By Walter F. Roche Jr.
James J. Nagle, a North Carolina victim of the 2012 fungal meningitis outbreak is 83 and he's just hoping to see his share of a victims' trust fund before he dies.
Jose Ramos of New Jersey fears that by the time he gets his share it will be all eaten up by lawyers fees and the Medicare program.
From New Jersey to Michigan to Tennessee, Virginia and Florida victims of the outbreak, or in some cases their survivors, are still waiting for even a penny in payments four years after the deadly outbreak that sickened 778 patients in 20 states, killing 77 of them.
Though some victims already had died weeks before that date, it was on Sept. 18, 2012 that the first alarm was sounded by a Vanderbilt University Medical Center physician who, puzzled by the case of an elderly patient stricken with meningitis, had ordered additional lab tests.
Dr. April Pettit notified Tennessee Health Department officials of her findings and soon the public alarm was sounded.
Ultimately the outbreak was traced to a rogue drug compounding firm in a Boston, Mass. suburb where thousands of vials of fungus riddled sterile steroids had been prepared and shipped to health providers across the country.
Reams of legal filings later, victims have gone from anger to despair and back to anger again as they await promised payments from a bankruptcy and a series of court settlements.
Earlier this year victims were told payments would be made in July, then August and still now they wait even as many are still suffering both from the fungal meningitis but also the after effects of toxic anti-fungal drugs.
"I feel they are just prolonging
(it) so that the victims will be hurting so bad for money that they will
jump on what ever offer comes our way," said Jose Ramos, a New Jersey victim.
Ramos has payments due him both from the compounding firm's bankruptcy settlement, but also the New Jersey based clinic where he got his injection.
Though Ramos said has been notified that he is eligible for a little over $400,000 in payments, "after lawyer fees and Medicare I'm
gonna end up with change. Right now I have no words that can explain the
pain I'm in everyday. I've been out of work since this has happened to me."
Ramos, like other victims who were on the federal Medicare program, have learned that the federal government now wants its share of any settlement as reimbursement for the money Medicare paid for his treatment.
"I just want my life back the way it was," Ramos said.
William Briggs of Michigan, whose wife Phyllis was a victim, said that she is finally getting back in some ways to where she was before getting the shots of tainted methylprednisolone acetate. But she walks with a cane and can't go more than 100 yards at a time. She also has memory problems.
"We are very frustrated and downright angry at the constant delays in receiving any financial award. It is also apparent that any financial assistance is being reduced with delays, insurance reimbursement and increasing legal fees," Briggs wrote in an email response to questions.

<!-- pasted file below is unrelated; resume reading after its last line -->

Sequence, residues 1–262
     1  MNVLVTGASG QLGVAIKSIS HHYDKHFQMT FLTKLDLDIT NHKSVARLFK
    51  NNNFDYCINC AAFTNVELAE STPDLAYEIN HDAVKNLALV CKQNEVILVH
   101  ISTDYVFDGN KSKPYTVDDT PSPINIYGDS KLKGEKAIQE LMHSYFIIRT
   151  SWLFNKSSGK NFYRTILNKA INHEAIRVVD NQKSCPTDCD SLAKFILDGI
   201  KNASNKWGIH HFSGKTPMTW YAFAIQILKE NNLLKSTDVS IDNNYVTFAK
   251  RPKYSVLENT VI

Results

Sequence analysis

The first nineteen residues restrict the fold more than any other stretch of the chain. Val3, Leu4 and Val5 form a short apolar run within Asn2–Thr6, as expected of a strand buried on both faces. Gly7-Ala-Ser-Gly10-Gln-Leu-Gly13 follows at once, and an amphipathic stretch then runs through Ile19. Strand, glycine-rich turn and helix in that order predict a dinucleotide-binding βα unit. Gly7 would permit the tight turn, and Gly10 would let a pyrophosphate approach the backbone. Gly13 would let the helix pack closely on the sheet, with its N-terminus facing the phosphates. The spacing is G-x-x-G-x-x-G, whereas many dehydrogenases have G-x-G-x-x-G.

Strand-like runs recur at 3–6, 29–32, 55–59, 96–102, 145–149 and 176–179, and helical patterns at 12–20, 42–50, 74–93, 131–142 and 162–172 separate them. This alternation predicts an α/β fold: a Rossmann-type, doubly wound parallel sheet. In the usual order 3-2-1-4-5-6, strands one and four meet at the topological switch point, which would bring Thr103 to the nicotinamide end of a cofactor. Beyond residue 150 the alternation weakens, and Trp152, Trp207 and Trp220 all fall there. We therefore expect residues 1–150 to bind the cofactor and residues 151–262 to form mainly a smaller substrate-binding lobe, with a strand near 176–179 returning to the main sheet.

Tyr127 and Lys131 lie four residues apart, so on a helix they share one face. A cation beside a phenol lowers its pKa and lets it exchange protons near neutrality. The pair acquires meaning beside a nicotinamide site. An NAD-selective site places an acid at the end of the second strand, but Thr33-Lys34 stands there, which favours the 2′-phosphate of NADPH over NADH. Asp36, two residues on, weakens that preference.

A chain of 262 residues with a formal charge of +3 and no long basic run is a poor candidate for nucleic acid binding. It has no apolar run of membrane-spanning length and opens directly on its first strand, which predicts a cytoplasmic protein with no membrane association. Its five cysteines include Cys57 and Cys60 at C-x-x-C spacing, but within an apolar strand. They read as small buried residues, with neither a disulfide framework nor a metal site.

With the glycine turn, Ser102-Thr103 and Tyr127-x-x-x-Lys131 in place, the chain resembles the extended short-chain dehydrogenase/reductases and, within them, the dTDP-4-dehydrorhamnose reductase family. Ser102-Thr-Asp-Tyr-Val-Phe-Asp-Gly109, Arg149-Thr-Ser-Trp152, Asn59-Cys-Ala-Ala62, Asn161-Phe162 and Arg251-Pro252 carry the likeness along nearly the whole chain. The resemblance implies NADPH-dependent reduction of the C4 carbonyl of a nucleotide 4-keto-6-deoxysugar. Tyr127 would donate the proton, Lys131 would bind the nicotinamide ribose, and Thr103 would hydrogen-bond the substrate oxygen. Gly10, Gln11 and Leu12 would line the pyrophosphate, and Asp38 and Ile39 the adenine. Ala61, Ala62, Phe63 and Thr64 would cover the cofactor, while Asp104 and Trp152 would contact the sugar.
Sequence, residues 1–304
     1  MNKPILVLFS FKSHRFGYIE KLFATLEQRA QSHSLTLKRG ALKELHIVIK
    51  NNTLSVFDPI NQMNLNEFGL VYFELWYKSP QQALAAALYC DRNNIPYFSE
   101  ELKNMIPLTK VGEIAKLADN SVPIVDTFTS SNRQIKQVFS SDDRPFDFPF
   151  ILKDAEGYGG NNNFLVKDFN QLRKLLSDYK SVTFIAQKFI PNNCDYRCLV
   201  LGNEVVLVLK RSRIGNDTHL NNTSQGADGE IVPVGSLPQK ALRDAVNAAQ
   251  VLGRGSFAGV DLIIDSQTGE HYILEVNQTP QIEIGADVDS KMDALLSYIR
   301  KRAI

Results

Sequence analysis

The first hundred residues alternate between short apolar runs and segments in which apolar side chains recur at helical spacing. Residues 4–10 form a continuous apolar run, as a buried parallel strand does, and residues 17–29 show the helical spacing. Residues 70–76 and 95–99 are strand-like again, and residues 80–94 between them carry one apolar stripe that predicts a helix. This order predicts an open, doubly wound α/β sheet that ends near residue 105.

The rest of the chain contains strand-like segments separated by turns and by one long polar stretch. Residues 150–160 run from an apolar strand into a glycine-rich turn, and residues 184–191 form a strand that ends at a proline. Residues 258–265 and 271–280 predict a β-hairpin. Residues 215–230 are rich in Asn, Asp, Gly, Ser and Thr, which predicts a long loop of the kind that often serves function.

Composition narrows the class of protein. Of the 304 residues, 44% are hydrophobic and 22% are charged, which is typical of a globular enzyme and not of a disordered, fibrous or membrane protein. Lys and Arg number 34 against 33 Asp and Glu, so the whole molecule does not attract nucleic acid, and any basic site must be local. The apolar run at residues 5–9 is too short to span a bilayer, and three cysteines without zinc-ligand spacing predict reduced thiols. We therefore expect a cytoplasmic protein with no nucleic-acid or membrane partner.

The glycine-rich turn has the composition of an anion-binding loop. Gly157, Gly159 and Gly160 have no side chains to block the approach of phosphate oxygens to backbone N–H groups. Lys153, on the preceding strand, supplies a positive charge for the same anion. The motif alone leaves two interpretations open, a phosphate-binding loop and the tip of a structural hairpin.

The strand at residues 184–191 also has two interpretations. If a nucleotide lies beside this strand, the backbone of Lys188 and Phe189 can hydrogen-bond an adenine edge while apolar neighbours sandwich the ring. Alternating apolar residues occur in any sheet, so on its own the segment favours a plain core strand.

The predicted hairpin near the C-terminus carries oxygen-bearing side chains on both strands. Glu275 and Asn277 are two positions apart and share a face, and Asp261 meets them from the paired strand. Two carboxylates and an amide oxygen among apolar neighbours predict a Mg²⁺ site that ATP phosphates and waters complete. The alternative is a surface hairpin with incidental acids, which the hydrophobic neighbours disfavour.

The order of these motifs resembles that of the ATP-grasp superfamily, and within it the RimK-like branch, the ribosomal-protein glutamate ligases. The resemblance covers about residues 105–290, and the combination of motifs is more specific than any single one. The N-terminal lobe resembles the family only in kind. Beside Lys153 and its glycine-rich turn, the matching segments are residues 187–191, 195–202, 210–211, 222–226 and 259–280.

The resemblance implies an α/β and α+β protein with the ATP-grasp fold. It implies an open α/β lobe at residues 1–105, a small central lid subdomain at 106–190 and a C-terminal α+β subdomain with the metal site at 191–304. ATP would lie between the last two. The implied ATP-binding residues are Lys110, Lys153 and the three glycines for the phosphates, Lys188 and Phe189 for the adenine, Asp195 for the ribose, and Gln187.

"Enough is enough," Briggs added. "We, as most others that have been affected, are not getting any younger. Most (victims) that we know are in their 70's or 80's."
Briggs said he also has been frustrated in efforts to find out about a crime victims program through the Massachusetts Attorney General's office which is supposed to be targeted to outbreak victims.
"We have called, but have not heard a word (back) regarding the Victims Compensation Fund, Briggs said, adding that he feared any grant from that source will also "be delayed and reduced in the process."
Kathy Pugh, whose mother Evelyn Bates-March is a Michigan victim, has spearheaded efforts to get assistance for all victims from that crime victims program administered through the states by the U.S. Justice Department.
Pugh says it is "unbelievable" that four years after the outbreak "not a penny has gone to the victims."
She said that her mother's health has deteriorated "month by month,"after surgery and six months on dangerous antifungal medication.
"She is unable to care for her self and is in pain 24/7. She can't understand how Medicare (CMS) can take money away from the victims when
they are receiving so little."
Brenda Bansale, another Michigan victim, suffered for months from the after effects of her spinal injection and a subsequent infection and an incision that refused to heal.
She said she suffers mood swings and severe depression as just one continuing after effect.
But Bansale says despite all that and the long wait for any recompense, "It
hasn't all been bad. Being sick has actually helped me put things in
perspective and realize that life is too short to spend it being angry
Instead she said she has been speaking up and advocating for all the outbreak victims with government agencies and the general public.
But for most victims, the passing of another year has brought no solace.
Nagle, the North Carolina victim, said it makes no sense that even though the clinic where he was treated has already agreed to a settlement, he and other victims can't get any of that money, some $3.5 million.
"I'm 83-years-old and would hope to receive payment before I pass," he said.